What a difference appropriate materials can make!

I spent a lot of time weaving my bicep bands based on the chasuble of St Wolfgang a few years ago, but the end result was very underwhelming.  I used 120 denier loose-spun silk and it really wasn't up to the abrasion it got from the cards.

This year I've re-woven it using 240 denier tight-spun silk and the thread came through it without any problems. I also used a better red. The result is so much better!

The cards themselves took quite a beating just like they did last time. I think I'll try painting the edges of the cards with nail polish again next time I weave with this type of thread.  Getting enough "real" cards, like wood or bone, for a project with 400+ warp ends would be pretty expensive. I also think that tensioning would be challenging with cards that much thicker since the warp threads on the outside would need to be significantly longer than the ones in the middle.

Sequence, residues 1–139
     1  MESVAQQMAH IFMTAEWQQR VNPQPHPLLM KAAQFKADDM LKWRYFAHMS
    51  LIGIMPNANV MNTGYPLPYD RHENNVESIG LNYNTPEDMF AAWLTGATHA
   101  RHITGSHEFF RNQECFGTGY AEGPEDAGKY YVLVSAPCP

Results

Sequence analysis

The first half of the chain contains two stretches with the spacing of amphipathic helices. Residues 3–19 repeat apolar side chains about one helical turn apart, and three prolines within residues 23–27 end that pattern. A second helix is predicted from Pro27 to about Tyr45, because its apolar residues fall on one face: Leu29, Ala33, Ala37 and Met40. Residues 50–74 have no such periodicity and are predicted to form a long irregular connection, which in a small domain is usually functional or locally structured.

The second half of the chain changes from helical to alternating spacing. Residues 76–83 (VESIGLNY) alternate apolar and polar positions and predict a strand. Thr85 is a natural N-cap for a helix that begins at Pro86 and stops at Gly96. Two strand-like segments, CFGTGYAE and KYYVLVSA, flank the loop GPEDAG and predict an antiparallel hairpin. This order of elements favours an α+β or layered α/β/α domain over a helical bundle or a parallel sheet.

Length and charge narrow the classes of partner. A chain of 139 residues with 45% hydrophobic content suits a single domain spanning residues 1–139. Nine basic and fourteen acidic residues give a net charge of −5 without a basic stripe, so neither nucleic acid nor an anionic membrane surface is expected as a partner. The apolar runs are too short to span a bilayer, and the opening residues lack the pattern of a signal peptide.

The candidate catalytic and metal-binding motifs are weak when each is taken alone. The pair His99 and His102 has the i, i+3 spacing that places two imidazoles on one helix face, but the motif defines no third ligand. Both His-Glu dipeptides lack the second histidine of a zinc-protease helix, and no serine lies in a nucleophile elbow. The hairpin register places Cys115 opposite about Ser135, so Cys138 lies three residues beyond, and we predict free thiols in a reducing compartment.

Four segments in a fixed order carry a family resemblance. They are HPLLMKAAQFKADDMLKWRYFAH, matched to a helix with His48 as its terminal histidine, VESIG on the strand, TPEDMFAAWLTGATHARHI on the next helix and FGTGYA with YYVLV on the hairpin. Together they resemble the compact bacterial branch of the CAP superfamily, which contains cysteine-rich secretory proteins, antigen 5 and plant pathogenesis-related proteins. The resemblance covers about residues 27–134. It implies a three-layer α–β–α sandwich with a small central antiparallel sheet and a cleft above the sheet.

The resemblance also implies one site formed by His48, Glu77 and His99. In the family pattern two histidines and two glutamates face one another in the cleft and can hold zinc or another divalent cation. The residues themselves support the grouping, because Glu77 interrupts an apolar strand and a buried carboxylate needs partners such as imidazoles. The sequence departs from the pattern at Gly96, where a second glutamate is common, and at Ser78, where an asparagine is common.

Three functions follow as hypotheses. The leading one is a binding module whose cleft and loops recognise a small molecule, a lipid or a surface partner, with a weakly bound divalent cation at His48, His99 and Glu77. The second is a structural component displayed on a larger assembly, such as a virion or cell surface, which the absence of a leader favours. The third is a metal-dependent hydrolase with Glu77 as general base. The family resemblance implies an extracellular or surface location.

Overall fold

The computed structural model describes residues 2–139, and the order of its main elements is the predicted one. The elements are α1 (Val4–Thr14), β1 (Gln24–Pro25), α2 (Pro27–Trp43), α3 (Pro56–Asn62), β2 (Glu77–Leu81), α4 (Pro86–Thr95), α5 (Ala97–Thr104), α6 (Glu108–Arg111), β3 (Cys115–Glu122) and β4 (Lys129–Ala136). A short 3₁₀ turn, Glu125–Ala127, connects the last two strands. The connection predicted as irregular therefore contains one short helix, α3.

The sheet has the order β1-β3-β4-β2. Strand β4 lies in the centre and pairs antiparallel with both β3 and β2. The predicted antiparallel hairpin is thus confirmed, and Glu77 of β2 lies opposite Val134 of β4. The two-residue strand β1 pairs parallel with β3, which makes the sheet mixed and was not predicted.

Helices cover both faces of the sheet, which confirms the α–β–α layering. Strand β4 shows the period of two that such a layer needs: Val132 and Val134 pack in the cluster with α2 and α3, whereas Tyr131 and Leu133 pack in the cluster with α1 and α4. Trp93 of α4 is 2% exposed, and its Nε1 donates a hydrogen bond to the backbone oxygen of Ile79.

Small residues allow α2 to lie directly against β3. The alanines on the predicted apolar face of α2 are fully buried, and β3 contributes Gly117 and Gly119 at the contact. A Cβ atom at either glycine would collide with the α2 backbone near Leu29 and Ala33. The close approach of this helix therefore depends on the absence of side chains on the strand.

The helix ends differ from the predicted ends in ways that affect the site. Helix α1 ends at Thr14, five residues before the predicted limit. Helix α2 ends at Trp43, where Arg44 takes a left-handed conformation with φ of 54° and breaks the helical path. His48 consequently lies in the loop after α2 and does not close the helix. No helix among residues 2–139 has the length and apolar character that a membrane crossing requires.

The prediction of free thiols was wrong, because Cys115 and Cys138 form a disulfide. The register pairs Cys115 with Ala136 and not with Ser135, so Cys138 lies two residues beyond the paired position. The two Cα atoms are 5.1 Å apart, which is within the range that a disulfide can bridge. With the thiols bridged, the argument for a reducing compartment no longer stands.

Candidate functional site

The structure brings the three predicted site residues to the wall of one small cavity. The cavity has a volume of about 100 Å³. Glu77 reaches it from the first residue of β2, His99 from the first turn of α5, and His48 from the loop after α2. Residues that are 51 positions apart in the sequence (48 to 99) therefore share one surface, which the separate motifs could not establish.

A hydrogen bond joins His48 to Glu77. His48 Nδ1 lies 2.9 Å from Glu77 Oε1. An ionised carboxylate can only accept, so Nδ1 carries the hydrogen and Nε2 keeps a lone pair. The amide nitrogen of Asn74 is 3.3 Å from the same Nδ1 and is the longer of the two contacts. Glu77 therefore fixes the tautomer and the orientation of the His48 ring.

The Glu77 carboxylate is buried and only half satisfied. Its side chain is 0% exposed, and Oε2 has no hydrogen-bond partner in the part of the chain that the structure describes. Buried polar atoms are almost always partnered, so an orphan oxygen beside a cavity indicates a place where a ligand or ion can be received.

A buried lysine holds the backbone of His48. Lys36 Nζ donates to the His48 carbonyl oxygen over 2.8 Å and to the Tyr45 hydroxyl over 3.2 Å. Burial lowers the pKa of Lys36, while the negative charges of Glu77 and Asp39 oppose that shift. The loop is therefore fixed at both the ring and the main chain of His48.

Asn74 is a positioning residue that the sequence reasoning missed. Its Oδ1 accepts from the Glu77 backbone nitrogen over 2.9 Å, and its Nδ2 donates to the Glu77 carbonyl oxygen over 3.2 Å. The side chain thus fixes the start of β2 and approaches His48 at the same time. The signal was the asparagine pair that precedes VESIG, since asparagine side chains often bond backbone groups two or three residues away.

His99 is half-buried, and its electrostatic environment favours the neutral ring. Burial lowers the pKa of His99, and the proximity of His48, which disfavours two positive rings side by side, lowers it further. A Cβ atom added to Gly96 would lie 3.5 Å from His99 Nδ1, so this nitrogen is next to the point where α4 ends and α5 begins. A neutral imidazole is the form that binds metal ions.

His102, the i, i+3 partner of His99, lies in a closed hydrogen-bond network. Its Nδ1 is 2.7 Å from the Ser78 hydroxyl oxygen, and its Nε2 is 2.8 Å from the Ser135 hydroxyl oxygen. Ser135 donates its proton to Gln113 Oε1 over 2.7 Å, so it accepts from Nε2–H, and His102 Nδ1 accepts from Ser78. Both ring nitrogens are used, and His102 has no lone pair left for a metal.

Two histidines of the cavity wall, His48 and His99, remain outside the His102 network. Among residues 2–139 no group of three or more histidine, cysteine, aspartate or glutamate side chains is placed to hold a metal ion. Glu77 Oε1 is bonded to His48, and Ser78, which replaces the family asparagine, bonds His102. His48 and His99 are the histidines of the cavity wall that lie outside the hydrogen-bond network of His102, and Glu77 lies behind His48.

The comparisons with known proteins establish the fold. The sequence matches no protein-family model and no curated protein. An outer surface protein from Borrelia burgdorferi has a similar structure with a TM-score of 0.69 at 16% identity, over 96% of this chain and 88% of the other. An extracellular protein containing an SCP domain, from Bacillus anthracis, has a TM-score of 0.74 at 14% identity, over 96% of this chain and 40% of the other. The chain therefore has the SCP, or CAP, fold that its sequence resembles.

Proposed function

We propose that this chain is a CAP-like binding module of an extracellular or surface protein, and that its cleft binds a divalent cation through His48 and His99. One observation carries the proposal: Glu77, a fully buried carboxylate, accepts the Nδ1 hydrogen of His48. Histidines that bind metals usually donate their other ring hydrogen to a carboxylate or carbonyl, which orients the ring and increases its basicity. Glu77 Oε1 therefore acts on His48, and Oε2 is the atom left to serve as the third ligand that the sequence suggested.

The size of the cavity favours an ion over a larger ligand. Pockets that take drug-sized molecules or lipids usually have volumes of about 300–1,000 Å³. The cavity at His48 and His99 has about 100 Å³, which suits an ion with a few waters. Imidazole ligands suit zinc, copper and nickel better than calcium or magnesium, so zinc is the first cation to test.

1. Thanks for being willing to show the comparison between the different threads!

    Can you make your own cards to avoid the expense? Or perhaps have a wood-worker drill the holes into a block and use a band-saw to cut the block into cards for you, and let you do the finishing. The sanding is, by far, the largest chunk of time in making wooden cards, an so the greatest part of the expense. If you do that part yourself then you would save money and get to decide for yourself how smooth is "good enough".

    Sure, it takes lots of time, but the cards last for a far longer time, and if you have the patience for weaving you probably also have it for sanding.

  2. I have a very nice set of 30 wooden cards, and yep, part of the reason they are very nice is because after I bought them I spent several hours sanding them in front of the TV :-) They are about 1.9mm in thickness. I guess my concern is not really with the expense itself but with the idea that I would spend time and money on the cards and then be driven crazy actually trying to work with a stack of them 20cm wide. But... I guess in that case I would still learn to respect the medieval weaver from a new angle. And the cards could be broken down into smaller sets and given to others if I never wanted to do that ever again. Hmmmmmmmm....


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